Idaho receiving $1.6 million from Johnson & Johnson settlement
The following is a news release from Idaho Attorney General Lawrence Wasden.
BOISE — Attorney General Lawrence Wasden announced a multistate settlement with 40 other states and the District of Columbia requiring Johnson & Johnson and its subsidiary Ethicon, Inc. to pay nearly $116.9 million for their deceptive marketing of transvaginal surgical mesh devices.
Idaho’s portion of the settlement is $1.6 million. As required by state law, the money will be deposited into Idaho’s Consumer Protection Fund.
A multistate investigation found the companies violated state consumer protection laws by misrepresenting the safety and effectiveness of the devices and failing to sufficiently disclose risks associated with their use.
“The companies did not properly disclose the risks associated with this material and, in the process, misled vulnerable patients,” Wasden said. “Together, attorneys general across the country teamed up to investigate the matter, reach a settlement and hold the companies accountable.”
Transvaginal surgical mesh is a synthetic material that is surgically implanted to support the pelvic organs of women who suffer from stress urinary incontinence or pelvic organ prolapse. The multistate investigation found the companies misrepresented or failed to adequately disclose the products’ possible side effects. Evidence shows the companies were aware of the possibility for serious medical complications but did not provide sufficient warnings to consumers or surgeons who implanted the devices.
In addition to the financial portion, the settlement also provides injunctive relief, requiring full disclosure of the device’s risks and accurate information on promotional material, and the product’s “information for use” package inserts.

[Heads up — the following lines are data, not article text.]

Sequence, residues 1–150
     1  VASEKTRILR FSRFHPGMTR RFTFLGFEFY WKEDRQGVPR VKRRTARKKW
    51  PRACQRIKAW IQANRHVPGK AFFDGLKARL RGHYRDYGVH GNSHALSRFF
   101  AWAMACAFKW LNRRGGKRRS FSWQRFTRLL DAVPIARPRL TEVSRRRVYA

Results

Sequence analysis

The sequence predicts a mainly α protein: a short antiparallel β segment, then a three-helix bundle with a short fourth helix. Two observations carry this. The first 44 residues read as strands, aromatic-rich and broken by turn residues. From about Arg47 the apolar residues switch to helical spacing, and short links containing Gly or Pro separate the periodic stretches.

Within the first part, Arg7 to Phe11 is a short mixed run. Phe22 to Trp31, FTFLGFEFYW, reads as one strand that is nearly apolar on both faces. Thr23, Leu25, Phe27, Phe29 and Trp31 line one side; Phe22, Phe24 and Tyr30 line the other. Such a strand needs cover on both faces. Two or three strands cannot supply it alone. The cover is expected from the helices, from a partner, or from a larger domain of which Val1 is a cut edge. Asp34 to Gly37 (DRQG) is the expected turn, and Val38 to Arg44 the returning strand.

The companies must:
- Refrain from referring to the mesh as “FDA approved” when that is not the case;
- Refrain from representing in promotions that risks associated with mesh can be eliminated with surgical experience or technique alone;
- Ensure that product training provided to medical professionals covers the risks associated with the mesh;
- Omit claims that surgical mesh stretches after implantation, that it remains soft after implantation, that foreign body reactions are transient and that foreign body reactions “may” occur (when in fact they will occur);
- Disclose that mesh risks include: fistula formation, inflammation, as well as mesh extrusion, exposure and erosion into the vagina and other organs;
- Disclose risks of tissue contraction, pain with intercourse, loss of sexual function, urge incontinence, de novo incontinence, infection following transvaginal implantation and vaginal scarring; and
- Disclose that risks include that revision surgeries may be necessary to treat complications, that revision surgeries may not resolve complications and that revision surgeries are also associated with a risk of adverse reactions.